which we discussed terms for his doing such an analysis, but in which we never
discussed either of our opinions regarding the
Second Amendment, gun control, or any other political subject, Professor
Copperud sent me the following analysis (into which I've inserted my questions
for the sake of clarity):
Copperud:] The words "A
militia, being necessary to the security of a free state," contrary to the
interpretation cited in your letter of July 26, 1991, constitute a present
participle, rather than a clause. It is used as an adjective, modifying "
militia," which is followed by the main clause of the sentence (subject
"the right," verb "shall"). The right to keep and bear arms
is asserted as essential for maintaining a
In reply to your numbered questions:
[Schulman: (1) Can the sentence be
interpreted to grant the right to keep and bear arms solely to "a
Copperud:] (1) The sentence does not restrict the right to keep and bear
arms, nor does it state or imply possession of the right elsewhere or by others
than the people; it simply makes a positive statement with respect to a right of
[Schulman: (2) Is "the right of the
people to keep and bear arms" granted by the words of the
Second Amendment, or does the
Second Amendment assume a preexisting right of the people to keep and bear arms,
and merely state that such right "shall not be infringed"?;]
Copperud:] (2) The right is not granted by the amendment; its existence is
assumed. The thrust of the sentence is that the right shall be preserved
inviolate for the sake of ensuring a
[Schulman: (3) Is the right of the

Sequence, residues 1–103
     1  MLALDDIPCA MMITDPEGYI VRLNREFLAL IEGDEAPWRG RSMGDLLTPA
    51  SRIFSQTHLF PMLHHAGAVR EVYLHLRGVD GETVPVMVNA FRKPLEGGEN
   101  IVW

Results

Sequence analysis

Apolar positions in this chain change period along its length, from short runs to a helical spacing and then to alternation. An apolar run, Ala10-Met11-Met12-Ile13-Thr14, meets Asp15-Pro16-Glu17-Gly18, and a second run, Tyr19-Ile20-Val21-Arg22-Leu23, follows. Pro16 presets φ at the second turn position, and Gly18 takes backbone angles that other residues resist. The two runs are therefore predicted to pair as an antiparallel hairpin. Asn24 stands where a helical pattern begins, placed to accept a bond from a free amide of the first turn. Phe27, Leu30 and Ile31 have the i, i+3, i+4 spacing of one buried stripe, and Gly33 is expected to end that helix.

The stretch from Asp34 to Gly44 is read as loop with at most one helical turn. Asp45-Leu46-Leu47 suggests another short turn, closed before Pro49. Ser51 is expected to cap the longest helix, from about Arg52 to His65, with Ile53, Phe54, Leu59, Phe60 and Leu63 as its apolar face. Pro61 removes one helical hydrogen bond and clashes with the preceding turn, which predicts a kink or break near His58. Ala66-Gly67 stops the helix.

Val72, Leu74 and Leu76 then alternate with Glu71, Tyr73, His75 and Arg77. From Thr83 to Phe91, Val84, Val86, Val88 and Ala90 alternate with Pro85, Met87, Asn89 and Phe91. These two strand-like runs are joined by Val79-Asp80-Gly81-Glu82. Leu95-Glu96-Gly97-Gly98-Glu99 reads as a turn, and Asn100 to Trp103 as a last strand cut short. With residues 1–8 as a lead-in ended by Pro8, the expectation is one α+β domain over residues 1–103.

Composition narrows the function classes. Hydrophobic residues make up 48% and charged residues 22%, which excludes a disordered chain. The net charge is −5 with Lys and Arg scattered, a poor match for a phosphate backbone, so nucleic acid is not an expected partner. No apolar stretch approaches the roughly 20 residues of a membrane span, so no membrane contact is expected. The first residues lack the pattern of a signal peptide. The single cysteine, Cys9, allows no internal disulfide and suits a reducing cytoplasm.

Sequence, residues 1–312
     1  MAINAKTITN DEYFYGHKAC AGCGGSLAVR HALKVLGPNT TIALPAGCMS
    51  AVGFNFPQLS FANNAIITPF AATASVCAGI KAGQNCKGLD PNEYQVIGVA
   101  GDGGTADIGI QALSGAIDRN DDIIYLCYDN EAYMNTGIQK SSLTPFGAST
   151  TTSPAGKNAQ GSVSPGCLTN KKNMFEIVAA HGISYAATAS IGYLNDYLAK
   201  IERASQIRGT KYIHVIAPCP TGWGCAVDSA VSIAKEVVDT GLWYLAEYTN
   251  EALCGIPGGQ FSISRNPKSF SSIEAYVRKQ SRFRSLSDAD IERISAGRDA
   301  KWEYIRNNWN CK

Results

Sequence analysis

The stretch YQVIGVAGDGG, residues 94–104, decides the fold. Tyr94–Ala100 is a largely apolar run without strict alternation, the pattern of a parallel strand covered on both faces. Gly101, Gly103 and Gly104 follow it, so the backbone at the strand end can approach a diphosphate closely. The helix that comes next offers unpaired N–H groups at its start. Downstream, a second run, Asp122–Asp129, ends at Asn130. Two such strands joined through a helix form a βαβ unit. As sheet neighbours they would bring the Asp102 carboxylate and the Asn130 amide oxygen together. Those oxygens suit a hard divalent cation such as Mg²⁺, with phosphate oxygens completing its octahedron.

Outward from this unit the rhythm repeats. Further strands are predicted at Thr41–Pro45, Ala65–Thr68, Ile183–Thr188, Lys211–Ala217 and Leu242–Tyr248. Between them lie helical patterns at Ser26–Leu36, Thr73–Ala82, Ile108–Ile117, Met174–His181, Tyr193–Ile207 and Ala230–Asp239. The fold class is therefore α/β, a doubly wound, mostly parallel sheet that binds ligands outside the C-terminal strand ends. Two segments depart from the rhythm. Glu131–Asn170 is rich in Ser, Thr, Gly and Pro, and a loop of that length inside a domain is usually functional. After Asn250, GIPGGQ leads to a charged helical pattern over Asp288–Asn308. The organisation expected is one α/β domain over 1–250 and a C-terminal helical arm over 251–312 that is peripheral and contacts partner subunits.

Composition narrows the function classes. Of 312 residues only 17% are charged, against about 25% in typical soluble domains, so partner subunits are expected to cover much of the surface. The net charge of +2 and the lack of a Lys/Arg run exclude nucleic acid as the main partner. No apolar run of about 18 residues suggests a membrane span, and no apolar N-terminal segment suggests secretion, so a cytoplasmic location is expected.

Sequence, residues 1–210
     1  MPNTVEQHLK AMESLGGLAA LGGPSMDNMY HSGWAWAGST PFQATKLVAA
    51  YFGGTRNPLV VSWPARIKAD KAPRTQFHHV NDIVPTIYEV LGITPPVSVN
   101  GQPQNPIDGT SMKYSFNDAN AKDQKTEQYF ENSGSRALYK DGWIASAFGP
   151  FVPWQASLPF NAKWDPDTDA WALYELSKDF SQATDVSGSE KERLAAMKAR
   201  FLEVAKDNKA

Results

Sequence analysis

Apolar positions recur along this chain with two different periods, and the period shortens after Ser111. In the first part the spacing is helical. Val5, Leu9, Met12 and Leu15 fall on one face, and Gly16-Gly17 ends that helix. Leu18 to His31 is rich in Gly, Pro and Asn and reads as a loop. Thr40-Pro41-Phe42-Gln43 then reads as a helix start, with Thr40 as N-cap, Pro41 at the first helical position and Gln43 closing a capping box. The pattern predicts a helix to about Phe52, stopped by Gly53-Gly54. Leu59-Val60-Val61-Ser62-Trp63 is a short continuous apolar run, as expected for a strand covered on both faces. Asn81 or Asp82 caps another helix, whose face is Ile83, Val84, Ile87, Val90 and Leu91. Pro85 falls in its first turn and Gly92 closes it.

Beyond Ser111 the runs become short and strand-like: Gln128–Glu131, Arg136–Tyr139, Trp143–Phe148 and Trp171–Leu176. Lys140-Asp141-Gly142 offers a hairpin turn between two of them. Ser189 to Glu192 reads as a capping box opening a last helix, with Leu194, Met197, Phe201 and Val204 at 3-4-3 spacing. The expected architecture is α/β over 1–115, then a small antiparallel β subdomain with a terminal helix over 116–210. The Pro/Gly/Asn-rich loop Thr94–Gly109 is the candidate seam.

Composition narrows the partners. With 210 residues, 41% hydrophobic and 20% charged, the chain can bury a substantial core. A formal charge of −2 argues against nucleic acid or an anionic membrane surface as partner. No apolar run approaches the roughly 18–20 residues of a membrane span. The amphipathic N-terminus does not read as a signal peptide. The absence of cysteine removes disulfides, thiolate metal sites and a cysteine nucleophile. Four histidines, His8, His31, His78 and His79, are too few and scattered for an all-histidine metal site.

people to keep and bear arms conditioned upon whether or not a
militia is, in fact, necessary to the security of a free State, and if that
condition is not existing, is the statement "the right of the people to
keep and bear Arms, shall not be infringed" null and void?;]
Copperud:] (3) No such condition is expressed or implied. The right to keep
and bear arms is not said by the amendment to depend on the existence of a
militia. No condition is stated or implied as to the relation of the right to
keep and bear arms and to the necessity of a
militia as requisite to the security of a free state. The right to keep and bear
arms is deemed unconditional by the entire sentence.
[Schulman: (4) Does the clause "A
Militia, being necessary to the security of a free State," grant a right to
the government to place conditions on the "right of the people to keep and
bear arms," or is such right deemed unconditional by the meaning of the
Copperud:] (4) The right is assumed to exist and to be unconditional, as
previously stated. It is invoked here specifically for the sake of the
[Schulman: (5) Which of the following
does the phrase "
militia" mean: "well-equipped," "well-organized,"
"well-drilled," "well-educated," or "subject to
regulations of a superior authority"?]
Copperud:] (5) The phrase means "subject to regulations of a superior
authority"; this accords with the desire of the writers for
civilian control over the military.
[Schulman: If at all possible, I would
ask you to take into account the changed meanings of words, or usage, since that
sentence was written two-hundred years ago, but not to take into account
historical interpretations of the intents of the authors, unless those issues
can be clearly separated.]
Copperud:] To the best of my knowledge, there has been no change in the
meaning of words or in usage that would affect the meaning of the amendment. If
it were written today, it might be put: "Since a
militia is necessary to the security of a free state, the right of the people to
keep and bear arms shall not be abridged."
[Schulman:] As a "scientific
control" on this analysis, I would also appreciate it if you could compare
your analysis of the text of the
Second Amendment to the following sentence,
"A well-schooled electorate, being